Ersin Gülbahar Ersin Gülbahar - 1 month ago 9
SQL Question

Which statement is more optimized?

I use 2 statements for one column value is not equal to

null


Which is faster and why?

First query



select * from my_table
where columnb is not null;


Second query



select * from my_table
where columnb = columnb ;


There is no index on column.

Answer Source

For standard, scalar data types, they're both the same on Oracle (I tried 12c and 11g), as you get two times the same execution plan. (see MT0's answer for an edge case when this isn't true)

Proof:

CREATE TABLE my_table (columnb NUMBER);

EXPLAIN PLAN FOR
SELECT *
FROM my_table
WHERE columnb IS NOT NULL;

SELECT *
FROM TABLE (dbms_xplan.display);

EXPLAIN PLAN FOR
SELECT *
FROM my_table
WHERE columnb = columnb;

SELECT *
FROM TABLE (dbms_xplan.display);

In both cases, I'm getting:

Plan hash value: 3804444429

------------------------------------------------------------------------------
| Id  | Operation         | Name     | Rows  | Bytes | Cost (%CPU)| Time     |
------------------------------------------------------------------------------
|   0 | SELECT STATEMENT  |          |     1 |    13 |     2   (0)| 00:00:01 |
|*  1 |  TABLE ACCESS FULL| MY_TABLE |     1 |    13 |     2   (0)| 00:00:01 |
------------------------------------------------------------------------------

Predicate Information (identified by operation id):
---------------------------------------------------

   1 - filter("COLUMNB" IS NOT NULL)

Now, even if you did add an index....

CREATE INDEX my_index ON my_table (columnb);

... you'd still get the same plan for both queries:

Plan hash value: 887433238

-----------------------------------------------------------------------------
| Id  | Operation        | Name     | Rows  | Bytes | Cost (%CPU)| Time     |
-----------------------------------------------------------------------------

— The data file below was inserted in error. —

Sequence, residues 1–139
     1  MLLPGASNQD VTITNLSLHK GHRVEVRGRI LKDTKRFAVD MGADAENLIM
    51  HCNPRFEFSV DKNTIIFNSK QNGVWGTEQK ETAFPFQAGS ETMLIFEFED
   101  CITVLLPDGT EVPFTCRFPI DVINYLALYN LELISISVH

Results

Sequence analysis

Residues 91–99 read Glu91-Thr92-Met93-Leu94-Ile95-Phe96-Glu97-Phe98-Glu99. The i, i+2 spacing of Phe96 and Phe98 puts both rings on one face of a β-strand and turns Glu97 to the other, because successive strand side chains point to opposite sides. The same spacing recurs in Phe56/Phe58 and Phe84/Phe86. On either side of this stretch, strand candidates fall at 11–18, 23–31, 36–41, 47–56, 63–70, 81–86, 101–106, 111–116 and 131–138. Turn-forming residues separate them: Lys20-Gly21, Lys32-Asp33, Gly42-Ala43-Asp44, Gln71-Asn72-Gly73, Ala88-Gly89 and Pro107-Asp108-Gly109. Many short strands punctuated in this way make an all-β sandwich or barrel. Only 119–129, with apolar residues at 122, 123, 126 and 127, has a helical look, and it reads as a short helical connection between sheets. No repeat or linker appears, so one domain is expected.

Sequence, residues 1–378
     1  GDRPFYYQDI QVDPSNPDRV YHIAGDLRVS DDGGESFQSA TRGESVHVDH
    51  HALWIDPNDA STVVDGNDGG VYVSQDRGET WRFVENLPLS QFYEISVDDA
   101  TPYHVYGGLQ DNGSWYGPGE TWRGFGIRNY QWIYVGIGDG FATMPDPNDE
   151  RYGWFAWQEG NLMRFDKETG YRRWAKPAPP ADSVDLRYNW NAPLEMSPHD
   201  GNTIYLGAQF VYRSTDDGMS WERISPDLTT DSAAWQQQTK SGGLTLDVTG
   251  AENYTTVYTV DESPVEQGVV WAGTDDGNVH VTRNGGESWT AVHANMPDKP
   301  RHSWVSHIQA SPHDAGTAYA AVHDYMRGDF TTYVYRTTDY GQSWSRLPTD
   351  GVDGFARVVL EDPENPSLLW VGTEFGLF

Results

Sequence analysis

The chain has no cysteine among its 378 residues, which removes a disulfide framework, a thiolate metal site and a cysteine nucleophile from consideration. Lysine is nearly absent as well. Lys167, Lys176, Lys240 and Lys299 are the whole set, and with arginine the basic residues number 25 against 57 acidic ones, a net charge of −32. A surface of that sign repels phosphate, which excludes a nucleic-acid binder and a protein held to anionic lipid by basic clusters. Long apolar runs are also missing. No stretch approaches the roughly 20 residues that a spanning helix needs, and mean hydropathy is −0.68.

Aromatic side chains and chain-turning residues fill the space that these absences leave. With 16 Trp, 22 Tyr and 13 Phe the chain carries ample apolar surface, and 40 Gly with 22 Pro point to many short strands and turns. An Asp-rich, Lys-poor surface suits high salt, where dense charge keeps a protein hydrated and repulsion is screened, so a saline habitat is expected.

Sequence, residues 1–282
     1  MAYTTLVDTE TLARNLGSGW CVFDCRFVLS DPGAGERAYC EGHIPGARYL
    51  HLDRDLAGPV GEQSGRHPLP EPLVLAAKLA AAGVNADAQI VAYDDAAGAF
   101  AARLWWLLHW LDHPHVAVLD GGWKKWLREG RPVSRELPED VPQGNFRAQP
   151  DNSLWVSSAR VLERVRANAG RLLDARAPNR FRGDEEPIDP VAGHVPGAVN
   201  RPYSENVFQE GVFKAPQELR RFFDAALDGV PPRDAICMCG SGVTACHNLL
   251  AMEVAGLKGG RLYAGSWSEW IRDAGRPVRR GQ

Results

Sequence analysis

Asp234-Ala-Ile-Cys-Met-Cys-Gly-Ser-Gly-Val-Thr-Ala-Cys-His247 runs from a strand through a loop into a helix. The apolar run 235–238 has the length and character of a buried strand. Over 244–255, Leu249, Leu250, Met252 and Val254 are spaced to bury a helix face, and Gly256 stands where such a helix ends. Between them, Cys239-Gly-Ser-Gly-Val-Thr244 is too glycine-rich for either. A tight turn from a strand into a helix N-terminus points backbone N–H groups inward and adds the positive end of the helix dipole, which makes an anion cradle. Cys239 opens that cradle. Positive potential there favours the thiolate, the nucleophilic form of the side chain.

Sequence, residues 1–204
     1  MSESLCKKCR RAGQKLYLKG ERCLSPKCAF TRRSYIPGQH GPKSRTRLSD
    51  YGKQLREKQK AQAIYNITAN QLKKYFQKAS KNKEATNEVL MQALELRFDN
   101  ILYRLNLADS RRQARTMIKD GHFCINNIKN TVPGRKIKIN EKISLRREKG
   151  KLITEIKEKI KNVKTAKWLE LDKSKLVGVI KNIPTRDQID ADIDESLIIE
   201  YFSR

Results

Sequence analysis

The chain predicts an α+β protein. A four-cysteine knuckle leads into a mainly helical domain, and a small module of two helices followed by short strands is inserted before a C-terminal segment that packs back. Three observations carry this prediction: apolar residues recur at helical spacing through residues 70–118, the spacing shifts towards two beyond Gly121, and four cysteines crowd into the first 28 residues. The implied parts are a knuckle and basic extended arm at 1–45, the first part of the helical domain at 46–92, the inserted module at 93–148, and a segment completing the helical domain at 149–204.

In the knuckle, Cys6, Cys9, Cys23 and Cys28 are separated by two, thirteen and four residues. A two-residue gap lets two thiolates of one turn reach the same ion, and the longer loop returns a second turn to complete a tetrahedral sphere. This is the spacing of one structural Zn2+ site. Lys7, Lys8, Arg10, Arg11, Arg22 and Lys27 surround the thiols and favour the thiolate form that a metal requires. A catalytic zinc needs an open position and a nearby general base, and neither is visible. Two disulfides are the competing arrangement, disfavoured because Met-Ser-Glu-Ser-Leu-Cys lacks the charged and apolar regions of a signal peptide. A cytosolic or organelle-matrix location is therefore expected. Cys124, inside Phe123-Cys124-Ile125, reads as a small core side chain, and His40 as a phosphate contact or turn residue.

|   0 | SELECT STATEMENT |          |     1 |    13 |     1   (0)| 00:00:01 |
|*  1 |  INDEX FULL SCAN | MY_INDEX |     1 |    13 |     1   (0)| 00:00:01 |
-----------------------------------------------------------------------------

Predicate Information (identified by operation id):
---------------------------------------------------

   1 - filter("COLUMNB" IS NOT NULL)

What if the column was NOT NULL?

Let's try this:

DROP INDEX my_index; -- Get back to the initial situation
ALTER TABLE my_table MODIFY columnb NUMBER NOT NULL;

The plans I'm getting now are these, with the entire predicate having been eliminated, in both cases:

Plan hash value: 3804444429

------------------------------------------------------------------------------
| Id  | Operation         | Name     | Rows  | Bytes | Cost (%CPU)| Time     |
------------------------------------------------------------------------------
|   0 | SELECT STATEMENT  |          |     1 |    13 |     2   (0)| 00:00:01 |
|   1 |  TABLE ACCESS FULL| MY_TABLE |     1 |    13 |     2   (0)| 00:00:01 |
------------------------------------------------------------------------------

Conclusion

Since you don't get any advantage from the "clever" approach, simply don't do it and write the IS NOT NULL predicate to be more clear.